Learning and Teaching in an Unequal World: How Children Navigate Social Inequalities and What We Should Teach Them
Xin Yang

About the research


NAEd/Spencer Dissertation Fellowship

Award Year



Yale University

Primary Discipline

Today’s children live against a striking backdrop of social inequalities that they will have to come to terms with as they grow into tomorrow’s adults. Given how quickly children pick up cues of inequality and how early they develop proto-political views, it is important to learn about their intuitive theories of social inequalities and prepare them to rectify inequalities and build a more equitable future world. Kate’s dissertation project builds on this foundation. She provides new insights into the development of more complex understandings of wealth, poverty, and social inequalities across ages and cultures. Using an experimental manipulation, she also shows that when children are randomly assigned to a rich social group, they develop stronger justifications for social inequalities, paving the way for future empirical and applied work. Her work also sheds light on potential educational interventions to mitigate perpetuations of inequality and stigma of poverty in future generations. Parents and educators can thus act to promote children’s understandings of social inequalities and increase their support for equality by more carefully selecting the narratives they provide children.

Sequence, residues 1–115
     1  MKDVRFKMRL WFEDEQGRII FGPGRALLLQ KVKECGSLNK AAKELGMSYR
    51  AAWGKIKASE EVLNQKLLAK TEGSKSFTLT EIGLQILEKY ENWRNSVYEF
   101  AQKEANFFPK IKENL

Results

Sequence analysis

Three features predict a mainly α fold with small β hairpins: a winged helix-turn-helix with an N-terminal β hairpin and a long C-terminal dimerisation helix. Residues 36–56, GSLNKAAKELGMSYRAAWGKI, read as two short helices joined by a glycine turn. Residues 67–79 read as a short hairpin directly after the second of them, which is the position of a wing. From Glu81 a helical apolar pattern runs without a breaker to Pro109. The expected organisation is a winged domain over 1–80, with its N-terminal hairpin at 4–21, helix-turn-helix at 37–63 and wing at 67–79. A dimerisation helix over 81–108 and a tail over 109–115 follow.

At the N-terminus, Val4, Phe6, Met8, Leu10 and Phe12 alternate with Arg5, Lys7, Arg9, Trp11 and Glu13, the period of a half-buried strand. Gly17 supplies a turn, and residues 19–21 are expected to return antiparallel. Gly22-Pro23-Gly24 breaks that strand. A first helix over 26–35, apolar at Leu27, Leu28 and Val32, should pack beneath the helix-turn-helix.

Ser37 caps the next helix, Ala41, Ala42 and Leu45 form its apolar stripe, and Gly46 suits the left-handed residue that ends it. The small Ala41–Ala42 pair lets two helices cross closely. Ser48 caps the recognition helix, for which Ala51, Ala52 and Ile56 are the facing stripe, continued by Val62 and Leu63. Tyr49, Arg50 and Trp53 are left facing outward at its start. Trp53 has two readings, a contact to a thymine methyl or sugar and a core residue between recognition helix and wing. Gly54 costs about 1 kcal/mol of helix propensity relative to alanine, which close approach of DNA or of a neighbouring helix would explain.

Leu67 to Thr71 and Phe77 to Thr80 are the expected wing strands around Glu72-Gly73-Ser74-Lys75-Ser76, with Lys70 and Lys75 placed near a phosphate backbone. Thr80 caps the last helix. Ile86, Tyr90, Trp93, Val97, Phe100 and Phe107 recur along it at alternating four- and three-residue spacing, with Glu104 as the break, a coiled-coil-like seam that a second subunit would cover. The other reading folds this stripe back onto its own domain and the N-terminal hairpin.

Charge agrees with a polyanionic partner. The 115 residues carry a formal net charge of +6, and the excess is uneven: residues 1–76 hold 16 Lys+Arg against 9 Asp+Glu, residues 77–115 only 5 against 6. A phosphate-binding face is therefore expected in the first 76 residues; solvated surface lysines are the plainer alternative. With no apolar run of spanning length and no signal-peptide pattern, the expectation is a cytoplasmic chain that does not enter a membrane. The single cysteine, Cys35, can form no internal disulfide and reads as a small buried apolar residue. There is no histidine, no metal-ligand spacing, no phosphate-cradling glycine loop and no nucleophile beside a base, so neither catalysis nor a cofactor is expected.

About Xin Yang
Xin (Kate) Yang is a Ph.D. candidate in Psychology at Yale University. Her research broadly focuses on social inequalities and group cognition. Over the last five years, she has conducted more than 10 research projects broadly related to education. She has studied a range of topics, including children’s evaluations and beliefs of talent versus effort, children’s developing appreciation of those who overcome internal or external constraints to achieve academic success, as well as intergroup bias, cooperation, and social inequalities and social structure. Ultimately, she hopes her work will help with reducing inequalities, combating biases, promoting cooperation, and creating a more just world. Kate holds master’s degrees in Psychology from Yale University (M.S. and M. Phil.) and bachelor’s degrees in both Psychology and Economics from Tsinghua University.Apart from her experience in academia, Kate also has other unique experiences that prepared her for a career dedicated to promoting equity in education. She is the first person in her low-SES family to obtain a bachelor’s degree. When she was 9, her parents brought her from a poor region to a more developed part of China to seek better education, which became a life-changing experience for her. As she traveled across China, she witnessed great inequalities in the distribution of educational resources. This led her to found a volunteer association that mobilized hundreds of volunteers in her city to help students from underdeveloped regions. For example, she organized book-donations and took groups of volunteers to work with elementary schools in a poor village.

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